Sensis to Sell In-Game Advertising

Interesting nugget of information this morning in MediaPost’s Online Media Daily:

In-game advertising network IGA Worldwide Inc. has expanded its global footprint to include two exclusive sales partnerships in Australia and Canada. IGA will be working with Sensis, Australia’s leading information resource and Access Marketing, an independent Canadian media company. The deal broadens IGA’s global reach, while creating opportunities for local and regional advertisers in Australia and Canada to reach gamers in the 18-34 demographic on IGA’s worldwide network. IGA Worldwide presently generates more than 200 million impressions per week.

The press release adds: ” The deals will see Sensis’ digital advertising arm MediaSmart representing IGA Worldwide’s in-game advertising opportunities exclusively in the Australian market, through games inside of IGA‘s Radial Network. The partnership puts MediaSmart in a strong position to capitalize on the distinctive in-game advertising channel which is poised for further growth in the Australian market and bound to play an influential role in future media buying. Sensis provides advertising services to thousands of leading Australian businesses and this partnership underscores the appeal of in-game ads as a way to reach consumers for businesses of any size.”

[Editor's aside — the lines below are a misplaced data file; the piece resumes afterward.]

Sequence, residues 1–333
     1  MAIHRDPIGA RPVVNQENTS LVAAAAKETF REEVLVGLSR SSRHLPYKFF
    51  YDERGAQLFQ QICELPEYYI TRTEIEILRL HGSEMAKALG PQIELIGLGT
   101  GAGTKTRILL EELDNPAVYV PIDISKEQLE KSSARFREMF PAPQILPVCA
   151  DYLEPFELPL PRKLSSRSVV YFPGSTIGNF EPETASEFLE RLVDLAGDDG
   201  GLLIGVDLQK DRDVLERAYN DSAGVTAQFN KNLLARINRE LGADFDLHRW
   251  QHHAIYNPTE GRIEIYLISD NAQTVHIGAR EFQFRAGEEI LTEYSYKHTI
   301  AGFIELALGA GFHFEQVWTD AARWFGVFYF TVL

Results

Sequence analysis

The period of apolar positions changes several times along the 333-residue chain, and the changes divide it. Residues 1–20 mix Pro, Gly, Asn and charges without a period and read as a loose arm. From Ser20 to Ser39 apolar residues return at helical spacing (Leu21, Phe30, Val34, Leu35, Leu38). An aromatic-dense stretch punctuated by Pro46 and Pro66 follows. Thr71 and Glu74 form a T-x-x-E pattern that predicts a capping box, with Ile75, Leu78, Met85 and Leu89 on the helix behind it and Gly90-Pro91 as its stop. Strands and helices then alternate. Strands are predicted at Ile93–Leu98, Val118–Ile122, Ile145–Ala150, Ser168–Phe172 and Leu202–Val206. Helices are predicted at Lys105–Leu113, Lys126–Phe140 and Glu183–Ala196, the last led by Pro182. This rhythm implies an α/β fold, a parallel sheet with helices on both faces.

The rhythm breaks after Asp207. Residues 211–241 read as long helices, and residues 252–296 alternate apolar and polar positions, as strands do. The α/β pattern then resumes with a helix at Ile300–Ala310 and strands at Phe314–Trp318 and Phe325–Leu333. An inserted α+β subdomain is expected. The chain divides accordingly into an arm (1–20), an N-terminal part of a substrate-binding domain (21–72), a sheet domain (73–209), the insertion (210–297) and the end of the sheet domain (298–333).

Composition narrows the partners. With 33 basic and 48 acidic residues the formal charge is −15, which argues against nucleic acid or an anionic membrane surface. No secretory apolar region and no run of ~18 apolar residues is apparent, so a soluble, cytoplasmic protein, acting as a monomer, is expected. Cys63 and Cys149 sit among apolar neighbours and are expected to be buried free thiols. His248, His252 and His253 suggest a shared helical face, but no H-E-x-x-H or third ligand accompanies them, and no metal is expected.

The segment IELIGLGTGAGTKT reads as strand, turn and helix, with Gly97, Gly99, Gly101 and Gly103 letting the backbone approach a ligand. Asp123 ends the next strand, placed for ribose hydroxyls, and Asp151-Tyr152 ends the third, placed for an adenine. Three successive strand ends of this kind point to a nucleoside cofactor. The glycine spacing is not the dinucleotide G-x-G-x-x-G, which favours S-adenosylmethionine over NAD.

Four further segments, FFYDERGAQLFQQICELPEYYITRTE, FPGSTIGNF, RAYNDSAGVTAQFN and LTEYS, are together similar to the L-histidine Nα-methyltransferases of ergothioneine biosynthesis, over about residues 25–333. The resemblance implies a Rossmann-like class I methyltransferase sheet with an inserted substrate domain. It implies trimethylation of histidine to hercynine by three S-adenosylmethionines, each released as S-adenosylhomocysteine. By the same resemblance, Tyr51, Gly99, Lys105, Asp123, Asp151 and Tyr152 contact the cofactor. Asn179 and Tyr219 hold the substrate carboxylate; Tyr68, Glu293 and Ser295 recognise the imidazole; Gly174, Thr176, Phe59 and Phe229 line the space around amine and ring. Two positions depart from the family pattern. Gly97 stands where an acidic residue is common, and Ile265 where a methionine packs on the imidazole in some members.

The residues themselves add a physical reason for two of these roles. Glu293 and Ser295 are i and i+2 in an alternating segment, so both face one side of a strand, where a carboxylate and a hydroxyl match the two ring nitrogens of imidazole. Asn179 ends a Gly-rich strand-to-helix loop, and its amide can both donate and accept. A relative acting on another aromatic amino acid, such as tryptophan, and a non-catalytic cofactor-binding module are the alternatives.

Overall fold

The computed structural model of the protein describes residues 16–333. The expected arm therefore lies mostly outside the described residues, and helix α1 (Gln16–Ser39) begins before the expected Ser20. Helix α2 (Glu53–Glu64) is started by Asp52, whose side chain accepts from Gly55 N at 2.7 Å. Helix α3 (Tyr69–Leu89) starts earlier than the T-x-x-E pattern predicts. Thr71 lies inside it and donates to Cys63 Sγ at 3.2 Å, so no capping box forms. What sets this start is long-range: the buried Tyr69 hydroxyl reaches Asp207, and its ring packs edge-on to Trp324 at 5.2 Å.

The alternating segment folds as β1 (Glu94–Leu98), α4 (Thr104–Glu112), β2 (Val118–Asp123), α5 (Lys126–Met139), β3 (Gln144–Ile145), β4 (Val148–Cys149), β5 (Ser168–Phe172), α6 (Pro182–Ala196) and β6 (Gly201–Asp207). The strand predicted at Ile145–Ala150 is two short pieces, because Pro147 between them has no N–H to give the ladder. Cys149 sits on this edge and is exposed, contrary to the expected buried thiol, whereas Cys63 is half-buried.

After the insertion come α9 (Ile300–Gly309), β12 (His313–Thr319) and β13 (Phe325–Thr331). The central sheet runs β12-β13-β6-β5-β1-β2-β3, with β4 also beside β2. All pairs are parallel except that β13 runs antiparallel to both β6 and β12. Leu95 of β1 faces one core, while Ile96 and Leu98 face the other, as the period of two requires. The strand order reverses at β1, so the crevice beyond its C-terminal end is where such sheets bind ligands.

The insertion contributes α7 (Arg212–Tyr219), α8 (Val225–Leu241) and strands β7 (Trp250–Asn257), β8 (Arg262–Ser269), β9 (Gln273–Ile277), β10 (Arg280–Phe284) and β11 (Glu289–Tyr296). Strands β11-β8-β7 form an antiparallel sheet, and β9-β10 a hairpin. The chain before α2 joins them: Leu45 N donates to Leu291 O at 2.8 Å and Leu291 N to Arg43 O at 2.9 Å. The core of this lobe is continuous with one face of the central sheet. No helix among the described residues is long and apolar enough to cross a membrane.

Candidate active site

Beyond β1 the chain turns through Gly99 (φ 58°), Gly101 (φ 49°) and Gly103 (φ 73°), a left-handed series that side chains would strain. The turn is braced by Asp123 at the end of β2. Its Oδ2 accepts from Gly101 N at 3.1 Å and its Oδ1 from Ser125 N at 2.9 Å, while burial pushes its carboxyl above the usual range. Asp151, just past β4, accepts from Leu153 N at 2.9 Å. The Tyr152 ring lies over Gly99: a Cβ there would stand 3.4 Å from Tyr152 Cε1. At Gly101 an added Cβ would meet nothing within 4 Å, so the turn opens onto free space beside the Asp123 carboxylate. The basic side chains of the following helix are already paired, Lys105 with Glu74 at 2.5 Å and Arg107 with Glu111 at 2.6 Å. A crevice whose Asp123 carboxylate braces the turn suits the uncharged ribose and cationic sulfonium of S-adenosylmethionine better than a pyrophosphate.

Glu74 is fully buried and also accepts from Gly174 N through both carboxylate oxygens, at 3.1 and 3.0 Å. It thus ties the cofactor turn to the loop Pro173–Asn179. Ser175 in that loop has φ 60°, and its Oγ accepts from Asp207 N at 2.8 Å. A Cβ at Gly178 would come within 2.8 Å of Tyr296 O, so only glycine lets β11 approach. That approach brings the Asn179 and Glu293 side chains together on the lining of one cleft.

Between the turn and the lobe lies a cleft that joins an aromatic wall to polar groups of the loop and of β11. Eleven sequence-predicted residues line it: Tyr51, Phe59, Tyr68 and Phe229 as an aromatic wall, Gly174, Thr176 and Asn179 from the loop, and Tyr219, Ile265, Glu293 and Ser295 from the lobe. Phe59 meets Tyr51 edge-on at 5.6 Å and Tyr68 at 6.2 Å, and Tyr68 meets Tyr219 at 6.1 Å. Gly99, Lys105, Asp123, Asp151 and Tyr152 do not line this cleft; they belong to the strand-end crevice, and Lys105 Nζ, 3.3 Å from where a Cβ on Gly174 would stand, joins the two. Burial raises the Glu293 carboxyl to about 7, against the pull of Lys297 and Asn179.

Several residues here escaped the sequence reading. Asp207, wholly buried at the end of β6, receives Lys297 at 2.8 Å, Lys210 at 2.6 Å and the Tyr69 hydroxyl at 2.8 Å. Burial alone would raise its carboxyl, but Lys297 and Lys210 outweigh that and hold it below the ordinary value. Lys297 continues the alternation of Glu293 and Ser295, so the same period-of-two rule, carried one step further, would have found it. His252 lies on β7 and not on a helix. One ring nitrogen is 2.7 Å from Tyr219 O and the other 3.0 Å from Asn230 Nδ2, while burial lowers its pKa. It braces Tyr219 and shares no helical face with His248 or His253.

What it means: smart move by Sensis. Knowing full well that videogames are yet another media entry door, they are going to leverage their existing MediaSmart sales team to promote local and national advertisers via in-game advertising. A great way to reach the 15-30 year-olds.